In praise of: Coventry
Due to its use as the place to which you metaphorically send someone you want to ostracise and criticism of its city centre’s architecture, Coventry has had a poor press. The Warwickshire city has been in the news lately as it seeks to become the 2021 City of Culture, but it has much else to be proud of, not least its outstanding advice sector.
While other local councils have wavered in their support for advice services, Coventry City Council has remained largely steadfast. The council understands the value of face-to-face independent advice and the contribution it makes in helping those disadvantaged by poverty and longterm illness. It funds a well-regarded Independent Advice Service, with 10 drop-in centres across the city’s most deprived neighbourhoods, and a Citizens Advice Bureau that deals with over 26,000 problems a year.
Perhaps the jewel in the crown of Coventry’s advice services is its Law Centre, which is the largest in England and recently expanded to include Birmingham Community Law Centre under the Central England Law Centre banner. The centre provides advice and representation in most areas of civil law and has a national reputation for its innovative offerings such as Safeplace, its service for people suffering domestic violence. It raises a substantial amount of cash for such projects from charitable trusts, but this is underpinned by a core grant from the city council, which has remained through changes of political leadership.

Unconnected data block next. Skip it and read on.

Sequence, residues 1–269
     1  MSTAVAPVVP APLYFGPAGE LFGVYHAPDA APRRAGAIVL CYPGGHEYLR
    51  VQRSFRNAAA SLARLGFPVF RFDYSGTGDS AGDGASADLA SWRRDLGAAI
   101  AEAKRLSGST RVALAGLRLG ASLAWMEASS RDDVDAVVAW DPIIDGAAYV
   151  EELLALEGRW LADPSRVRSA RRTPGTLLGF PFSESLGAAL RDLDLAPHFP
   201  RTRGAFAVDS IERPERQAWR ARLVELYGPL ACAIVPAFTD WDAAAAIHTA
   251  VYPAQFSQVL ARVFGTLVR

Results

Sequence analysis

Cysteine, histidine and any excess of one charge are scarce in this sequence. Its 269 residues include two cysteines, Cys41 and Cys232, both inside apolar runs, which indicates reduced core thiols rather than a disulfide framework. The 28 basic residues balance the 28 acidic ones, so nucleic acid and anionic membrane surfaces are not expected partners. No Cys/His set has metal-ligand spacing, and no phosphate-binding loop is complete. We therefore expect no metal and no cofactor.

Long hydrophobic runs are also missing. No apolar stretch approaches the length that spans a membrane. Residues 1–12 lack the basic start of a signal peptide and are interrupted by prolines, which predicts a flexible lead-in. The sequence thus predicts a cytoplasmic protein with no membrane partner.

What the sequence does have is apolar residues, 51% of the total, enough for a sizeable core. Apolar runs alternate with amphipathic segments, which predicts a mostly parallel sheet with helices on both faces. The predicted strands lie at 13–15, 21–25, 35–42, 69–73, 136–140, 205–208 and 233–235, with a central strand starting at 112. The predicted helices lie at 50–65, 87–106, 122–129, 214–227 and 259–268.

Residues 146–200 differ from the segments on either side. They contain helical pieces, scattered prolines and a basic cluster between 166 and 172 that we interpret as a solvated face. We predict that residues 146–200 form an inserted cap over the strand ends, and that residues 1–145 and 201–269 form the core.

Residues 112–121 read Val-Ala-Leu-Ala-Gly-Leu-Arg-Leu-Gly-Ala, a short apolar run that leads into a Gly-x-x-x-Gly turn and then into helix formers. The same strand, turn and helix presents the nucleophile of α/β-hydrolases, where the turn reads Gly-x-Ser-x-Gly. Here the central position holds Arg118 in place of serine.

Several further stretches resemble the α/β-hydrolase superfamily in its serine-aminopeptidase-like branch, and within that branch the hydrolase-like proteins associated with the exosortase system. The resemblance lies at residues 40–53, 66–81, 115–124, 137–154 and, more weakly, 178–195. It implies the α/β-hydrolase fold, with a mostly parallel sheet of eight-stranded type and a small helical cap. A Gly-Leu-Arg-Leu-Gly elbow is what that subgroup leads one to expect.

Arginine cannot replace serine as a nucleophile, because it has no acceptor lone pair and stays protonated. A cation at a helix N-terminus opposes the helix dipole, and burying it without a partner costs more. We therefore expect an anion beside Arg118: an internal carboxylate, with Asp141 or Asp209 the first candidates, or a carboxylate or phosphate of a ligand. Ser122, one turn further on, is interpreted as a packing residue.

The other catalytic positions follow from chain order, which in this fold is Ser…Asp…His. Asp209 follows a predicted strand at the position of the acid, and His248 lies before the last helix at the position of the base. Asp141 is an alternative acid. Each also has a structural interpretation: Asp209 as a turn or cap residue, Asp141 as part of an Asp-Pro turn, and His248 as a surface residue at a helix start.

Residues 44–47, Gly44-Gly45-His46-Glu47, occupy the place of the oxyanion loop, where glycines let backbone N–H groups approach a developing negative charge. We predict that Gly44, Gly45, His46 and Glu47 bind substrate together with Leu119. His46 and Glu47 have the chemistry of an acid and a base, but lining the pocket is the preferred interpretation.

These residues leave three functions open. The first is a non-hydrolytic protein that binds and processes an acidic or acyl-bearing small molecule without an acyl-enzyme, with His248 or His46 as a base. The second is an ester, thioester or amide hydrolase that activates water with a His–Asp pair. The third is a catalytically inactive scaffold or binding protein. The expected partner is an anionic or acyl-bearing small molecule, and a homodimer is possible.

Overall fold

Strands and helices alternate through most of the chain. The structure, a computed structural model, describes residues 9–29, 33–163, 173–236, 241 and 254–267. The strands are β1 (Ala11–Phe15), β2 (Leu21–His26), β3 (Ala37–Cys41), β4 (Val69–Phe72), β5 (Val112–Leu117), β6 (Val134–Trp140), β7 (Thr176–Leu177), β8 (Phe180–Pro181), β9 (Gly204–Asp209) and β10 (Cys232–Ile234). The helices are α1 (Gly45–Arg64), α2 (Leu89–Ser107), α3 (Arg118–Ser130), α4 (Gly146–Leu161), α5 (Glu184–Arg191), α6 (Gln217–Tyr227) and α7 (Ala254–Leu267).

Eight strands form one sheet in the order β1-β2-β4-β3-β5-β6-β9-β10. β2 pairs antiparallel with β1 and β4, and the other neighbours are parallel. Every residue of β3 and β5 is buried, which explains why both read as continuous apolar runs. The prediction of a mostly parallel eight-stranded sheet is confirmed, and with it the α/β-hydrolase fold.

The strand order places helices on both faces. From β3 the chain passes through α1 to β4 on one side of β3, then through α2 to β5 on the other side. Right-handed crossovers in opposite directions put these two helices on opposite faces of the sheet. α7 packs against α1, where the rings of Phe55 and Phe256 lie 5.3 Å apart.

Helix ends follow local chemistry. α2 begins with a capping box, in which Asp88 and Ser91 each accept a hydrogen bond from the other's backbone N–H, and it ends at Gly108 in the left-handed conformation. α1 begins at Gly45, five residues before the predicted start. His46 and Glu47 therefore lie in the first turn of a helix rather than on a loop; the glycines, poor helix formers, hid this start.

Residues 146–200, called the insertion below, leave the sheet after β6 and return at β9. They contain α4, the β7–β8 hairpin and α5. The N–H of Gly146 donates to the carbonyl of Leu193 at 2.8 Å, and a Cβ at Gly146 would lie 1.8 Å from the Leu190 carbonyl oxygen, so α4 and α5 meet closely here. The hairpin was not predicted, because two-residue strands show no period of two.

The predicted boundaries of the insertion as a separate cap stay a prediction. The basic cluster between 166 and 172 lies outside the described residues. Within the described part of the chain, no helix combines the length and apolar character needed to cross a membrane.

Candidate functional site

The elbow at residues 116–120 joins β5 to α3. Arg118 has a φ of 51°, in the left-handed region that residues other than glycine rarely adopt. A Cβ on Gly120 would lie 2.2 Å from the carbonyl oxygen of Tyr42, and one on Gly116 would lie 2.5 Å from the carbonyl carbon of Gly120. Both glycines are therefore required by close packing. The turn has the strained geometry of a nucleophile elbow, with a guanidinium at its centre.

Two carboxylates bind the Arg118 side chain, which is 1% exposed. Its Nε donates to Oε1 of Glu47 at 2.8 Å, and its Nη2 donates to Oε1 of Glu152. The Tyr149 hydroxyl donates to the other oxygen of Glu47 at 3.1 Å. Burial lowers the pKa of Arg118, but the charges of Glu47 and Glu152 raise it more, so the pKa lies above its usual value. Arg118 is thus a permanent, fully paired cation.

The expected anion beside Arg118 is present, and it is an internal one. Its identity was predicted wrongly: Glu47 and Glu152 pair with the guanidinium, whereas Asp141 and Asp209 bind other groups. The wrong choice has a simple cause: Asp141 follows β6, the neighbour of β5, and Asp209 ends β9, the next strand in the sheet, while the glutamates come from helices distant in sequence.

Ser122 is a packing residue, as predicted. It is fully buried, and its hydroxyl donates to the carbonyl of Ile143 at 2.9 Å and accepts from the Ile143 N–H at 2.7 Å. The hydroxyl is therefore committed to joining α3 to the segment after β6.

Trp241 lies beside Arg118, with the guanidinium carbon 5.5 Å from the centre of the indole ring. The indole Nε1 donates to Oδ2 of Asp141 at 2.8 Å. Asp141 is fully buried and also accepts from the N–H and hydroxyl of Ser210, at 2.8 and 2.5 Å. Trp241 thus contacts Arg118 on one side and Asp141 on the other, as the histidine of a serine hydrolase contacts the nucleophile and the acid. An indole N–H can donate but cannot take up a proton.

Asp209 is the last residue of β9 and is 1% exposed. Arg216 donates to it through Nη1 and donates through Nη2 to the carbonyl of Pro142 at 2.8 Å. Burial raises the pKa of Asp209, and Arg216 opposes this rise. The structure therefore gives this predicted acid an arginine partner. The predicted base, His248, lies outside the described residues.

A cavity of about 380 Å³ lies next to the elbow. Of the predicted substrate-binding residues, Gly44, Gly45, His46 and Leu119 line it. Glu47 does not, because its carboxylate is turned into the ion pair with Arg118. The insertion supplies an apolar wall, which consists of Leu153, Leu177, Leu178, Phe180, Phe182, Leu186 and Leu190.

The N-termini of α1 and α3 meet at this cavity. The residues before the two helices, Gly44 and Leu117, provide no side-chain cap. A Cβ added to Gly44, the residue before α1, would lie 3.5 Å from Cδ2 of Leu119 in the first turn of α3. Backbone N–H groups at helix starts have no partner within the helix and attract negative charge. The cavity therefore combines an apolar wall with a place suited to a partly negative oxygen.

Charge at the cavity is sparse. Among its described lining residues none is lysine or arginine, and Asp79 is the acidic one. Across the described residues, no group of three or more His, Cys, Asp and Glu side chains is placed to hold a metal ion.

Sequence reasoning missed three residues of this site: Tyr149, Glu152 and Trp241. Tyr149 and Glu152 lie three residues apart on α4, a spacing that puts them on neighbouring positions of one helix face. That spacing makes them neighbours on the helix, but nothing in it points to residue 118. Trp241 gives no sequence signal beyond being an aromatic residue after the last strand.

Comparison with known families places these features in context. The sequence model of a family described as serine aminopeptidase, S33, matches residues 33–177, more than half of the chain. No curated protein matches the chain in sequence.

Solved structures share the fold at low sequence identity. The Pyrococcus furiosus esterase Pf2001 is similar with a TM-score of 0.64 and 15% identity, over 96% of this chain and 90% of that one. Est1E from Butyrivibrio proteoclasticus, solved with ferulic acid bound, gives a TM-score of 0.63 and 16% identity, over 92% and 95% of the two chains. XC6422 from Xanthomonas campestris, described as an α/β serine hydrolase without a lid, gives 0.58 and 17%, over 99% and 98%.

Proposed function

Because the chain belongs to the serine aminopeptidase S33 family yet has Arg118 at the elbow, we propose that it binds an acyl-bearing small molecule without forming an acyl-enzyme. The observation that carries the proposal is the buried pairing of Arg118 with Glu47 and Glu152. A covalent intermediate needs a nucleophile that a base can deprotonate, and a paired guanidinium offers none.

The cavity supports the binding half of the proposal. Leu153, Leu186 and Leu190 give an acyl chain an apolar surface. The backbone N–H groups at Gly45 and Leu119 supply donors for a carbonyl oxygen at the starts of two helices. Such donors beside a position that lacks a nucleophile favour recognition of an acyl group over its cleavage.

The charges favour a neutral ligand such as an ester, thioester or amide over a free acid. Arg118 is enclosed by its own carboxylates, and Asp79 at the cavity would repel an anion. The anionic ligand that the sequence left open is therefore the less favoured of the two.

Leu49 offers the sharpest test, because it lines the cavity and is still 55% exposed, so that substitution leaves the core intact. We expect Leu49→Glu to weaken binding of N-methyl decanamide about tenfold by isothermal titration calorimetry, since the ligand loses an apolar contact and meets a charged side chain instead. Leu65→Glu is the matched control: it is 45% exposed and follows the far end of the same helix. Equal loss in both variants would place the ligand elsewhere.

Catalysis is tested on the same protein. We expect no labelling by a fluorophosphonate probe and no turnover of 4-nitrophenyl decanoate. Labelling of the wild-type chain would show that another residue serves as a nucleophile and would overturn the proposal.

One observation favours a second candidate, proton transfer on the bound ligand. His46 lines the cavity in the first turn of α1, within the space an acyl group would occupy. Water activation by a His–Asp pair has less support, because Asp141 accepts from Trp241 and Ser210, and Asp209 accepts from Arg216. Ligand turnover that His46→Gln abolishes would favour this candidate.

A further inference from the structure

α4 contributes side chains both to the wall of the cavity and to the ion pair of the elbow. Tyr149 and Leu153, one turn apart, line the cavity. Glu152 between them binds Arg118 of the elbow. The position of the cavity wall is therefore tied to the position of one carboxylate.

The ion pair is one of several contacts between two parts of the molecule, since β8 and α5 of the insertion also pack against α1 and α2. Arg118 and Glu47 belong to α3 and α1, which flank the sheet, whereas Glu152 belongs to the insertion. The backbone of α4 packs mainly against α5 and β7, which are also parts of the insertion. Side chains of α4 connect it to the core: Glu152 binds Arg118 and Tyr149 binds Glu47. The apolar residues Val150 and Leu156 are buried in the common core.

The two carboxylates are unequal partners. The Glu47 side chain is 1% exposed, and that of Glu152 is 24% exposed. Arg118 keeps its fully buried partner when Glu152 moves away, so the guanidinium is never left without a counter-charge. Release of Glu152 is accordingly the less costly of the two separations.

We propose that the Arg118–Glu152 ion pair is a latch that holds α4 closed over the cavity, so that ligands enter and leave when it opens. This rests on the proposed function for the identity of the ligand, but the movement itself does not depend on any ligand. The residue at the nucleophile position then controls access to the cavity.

Maybe it’s time to show some recognition to cities that advance access to justice as well as to those that promote culture?